A little information goes a long way towards shifting clientelist electoral systems from vote-buying to policy-based competition
Although handwringing and bewilderment followed recent elections in established democracies, voters in many developing countries might prefer such elections to the ones they regularly experience. Despite increasing polarisation, the withering of old parties and the emergence of new, and the manipulation of social media, voters in France, Germany, Italy and the US still identified and voted for the parties that best captured their policy preferences. Voters in many developing countries do not have these options. Instead, their vote depends on which candidates offer them the most goods, services, or cash in exchange for their support. Voters have little reason to pay attention to campaign promises and politicians little reason to make them. Clientelist elections threaten the very self-governing principles a democracy is designed to uphold: they leave politicians unaccountable for policy failure and rent-seeking (Bidner and Francois 2015, Keefer and Vlaicu 2017). All of which raises the question, can countries shift from gift- and favour-based to policy-based elections?
Ilocos - the Philippines
Recent evidence from the Ilocos region of the Philippines suggests that they can and that the door-to-door distribution of a surprisingly simple flyer may be enough to promote this shift. Clientelist politics are dominant in the Philippines (Hicken et al. 2015). Voters accept vote-buying as a fact of life and up to 40% of voters surveyed in some areas report that they received between $20 and $50 for their votes, far exceeding daily household income for most of them. Patronage ties to politicians are also pervasive: almost 20% of individuals report that they know the mayor personally, another 41% report an indirect tie to the mayor through one intermediary. At the same time, voters are substantially uninformed about the policies that politicians control.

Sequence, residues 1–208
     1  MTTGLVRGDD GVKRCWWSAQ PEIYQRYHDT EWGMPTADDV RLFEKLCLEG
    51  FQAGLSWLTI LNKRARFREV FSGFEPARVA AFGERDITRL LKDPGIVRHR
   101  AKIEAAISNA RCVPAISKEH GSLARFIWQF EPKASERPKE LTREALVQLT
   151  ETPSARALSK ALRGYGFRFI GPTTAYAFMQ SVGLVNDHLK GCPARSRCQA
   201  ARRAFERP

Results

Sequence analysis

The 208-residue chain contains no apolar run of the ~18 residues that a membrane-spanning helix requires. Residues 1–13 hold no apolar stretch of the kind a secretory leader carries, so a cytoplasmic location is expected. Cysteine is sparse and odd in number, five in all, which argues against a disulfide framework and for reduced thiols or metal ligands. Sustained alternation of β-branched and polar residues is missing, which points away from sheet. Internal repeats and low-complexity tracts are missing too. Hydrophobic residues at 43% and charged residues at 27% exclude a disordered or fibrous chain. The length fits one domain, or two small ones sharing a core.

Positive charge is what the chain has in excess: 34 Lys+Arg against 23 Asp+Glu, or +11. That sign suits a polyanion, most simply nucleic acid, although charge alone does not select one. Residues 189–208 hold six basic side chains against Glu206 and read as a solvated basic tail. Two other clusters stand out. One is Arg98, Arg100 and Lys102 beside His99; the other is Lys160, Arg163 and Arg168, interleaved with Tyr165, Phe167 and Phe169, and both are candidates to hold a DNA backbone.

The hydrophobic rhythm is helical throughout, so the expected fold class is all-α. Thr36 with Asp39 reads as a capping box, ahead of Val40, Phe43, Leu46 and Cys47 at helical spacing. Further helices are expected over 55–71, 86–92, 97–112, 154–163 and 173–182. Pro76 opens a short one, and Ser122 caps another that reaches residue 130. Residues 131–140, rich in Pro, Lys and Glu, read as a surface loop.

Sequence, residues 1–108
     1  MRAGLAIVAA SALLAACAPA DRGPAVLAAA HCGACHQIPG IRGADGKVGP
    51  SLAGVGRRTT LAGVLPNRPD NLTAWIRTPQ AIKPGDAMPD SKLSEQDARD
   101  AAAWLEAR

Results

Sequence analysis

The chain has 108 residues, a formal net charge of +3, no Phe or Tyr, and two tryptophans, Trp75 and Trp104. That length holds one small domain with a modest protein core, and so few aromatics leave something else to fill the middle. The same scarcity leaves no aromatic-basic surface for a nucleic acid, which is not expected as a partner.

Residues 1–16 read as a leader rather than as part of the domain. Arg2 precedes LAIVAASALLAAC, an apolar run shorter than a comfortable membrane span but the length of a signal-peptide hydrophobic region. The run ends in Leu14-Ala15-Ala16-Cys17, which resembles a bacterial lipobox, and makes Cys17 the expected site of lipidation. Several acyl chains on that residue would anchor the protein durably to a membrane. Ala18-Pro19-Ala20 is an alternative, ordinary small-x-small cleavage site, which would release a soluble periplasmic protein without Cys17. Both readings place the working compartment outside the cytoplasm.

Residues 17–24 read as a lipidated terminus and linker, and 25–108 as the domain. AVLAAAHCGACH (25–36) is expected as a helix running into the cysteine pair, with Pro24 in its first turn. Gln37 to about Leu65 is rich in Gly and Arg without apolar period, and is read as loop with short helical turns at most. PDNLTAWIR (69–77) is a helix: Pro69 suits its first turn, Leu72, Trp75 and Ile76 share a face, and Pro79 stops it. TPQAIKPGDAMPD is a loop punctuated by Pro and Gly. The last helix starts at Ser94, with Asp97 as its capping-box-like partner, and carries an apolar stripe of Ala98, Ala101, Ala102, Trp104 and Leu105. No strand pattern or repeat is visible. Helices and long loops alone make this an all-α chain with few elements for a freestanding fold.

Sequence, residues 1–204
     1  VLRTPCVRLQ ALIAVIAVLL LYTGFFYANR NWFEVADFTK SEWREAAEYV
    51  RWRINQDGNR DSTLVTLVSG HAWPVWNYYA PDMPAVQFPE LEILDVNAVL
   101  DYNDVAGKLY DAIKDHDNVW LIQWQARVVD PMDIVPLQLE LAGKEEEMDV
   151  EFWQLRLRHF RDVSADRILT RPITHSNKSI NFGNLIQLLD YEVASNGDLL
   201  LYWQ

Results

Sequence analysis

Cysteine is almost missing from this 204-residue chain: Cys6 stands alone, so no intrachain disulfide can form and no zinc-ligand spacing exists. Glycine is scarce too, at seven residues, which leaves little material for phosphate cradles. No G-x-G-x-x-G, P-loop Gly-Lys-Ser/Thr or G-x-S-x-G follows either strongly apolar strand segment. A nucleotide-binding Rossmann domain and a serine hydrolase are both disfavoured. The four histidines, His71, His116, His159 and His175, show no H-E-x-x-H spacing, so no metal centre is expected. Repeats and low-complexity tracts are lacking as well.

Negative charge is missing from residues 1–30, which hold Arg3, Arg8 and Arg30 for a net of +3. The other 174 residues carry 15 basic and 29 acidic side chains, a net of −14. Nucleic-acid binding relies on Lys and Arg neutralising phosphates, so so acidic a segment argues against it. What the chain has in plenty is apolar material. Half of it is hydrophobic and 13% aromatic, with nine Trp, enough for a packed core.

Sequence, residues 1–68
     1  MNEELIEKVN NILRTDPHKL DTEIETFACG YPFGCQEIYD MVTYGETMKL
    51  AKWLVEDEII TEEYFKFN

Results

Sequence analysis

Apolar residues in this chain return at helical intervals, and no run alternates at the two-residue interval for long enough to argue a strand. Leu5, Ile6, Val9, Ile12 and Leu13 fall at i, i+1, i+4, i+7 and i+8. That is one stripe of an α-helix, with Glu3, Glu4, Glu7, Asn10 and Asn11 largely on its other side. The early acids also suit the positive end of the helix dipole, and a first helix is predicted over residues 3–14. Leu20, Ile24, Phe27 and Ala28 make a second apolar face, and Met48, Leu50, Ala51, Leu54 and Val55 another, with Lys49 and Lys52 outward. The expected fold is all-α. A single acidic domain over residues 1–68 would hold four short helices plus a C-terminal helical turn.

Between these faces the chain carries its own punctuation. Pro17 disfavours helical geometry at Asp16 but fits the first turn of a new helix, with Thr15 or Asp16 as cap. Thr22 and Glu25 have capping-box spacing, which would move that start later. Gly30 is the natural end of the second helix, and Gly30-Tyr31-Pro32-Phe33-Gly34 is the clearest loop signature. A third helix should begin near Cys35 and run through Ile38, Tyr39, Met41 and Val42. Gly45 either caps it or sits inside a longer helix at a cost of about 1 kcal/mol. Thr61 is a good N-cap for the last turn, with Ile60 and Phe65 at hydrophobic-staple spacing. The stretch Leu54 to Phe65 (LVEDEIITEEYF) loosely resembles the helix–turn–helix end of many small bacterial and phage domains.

Lack of information undermines accountability in general (Pande 2011); lack of policy information in particular inhibits the emergence of policy-based electoral competition. Hence, over two consecutive mayoral elections in 2013 and 2016, households in more than 150 villages located in seven Ilocos municipalities received flyers informing them about a key municipal public policy and candidate stances on that policy (the flyer for one of the candidates is shown below). We find that by the time of the 2016 election, after the flyers had been distributed for only the second time, politicians and voters acted as if policy mattered (Cruz et al. 2018). Their behaviour more strongly resembled that of Italian municipal elections documented by Kendall et al. (2015) than it had in the elections three years earlier.
What was behind this shift?
One essential ingredient was that the flyers matched information about policy to the officials responsible for the policy. Mayors exercise broad budgetary discretion and control over municipal spending priorities. Indeed, despite the existence of municipal councils, mayors are often characterised as ‘budget dictators’ who are not subject to any meaningful institutional checks and balances. As a result, if voters know the areas of municipal spending responsibility and candidate promises regarding municipal spending, they can reasonably attribute policy outcomes to mayoral (in)action. Voter ignorance about policies and candidate promises therefore short-circuits accountability.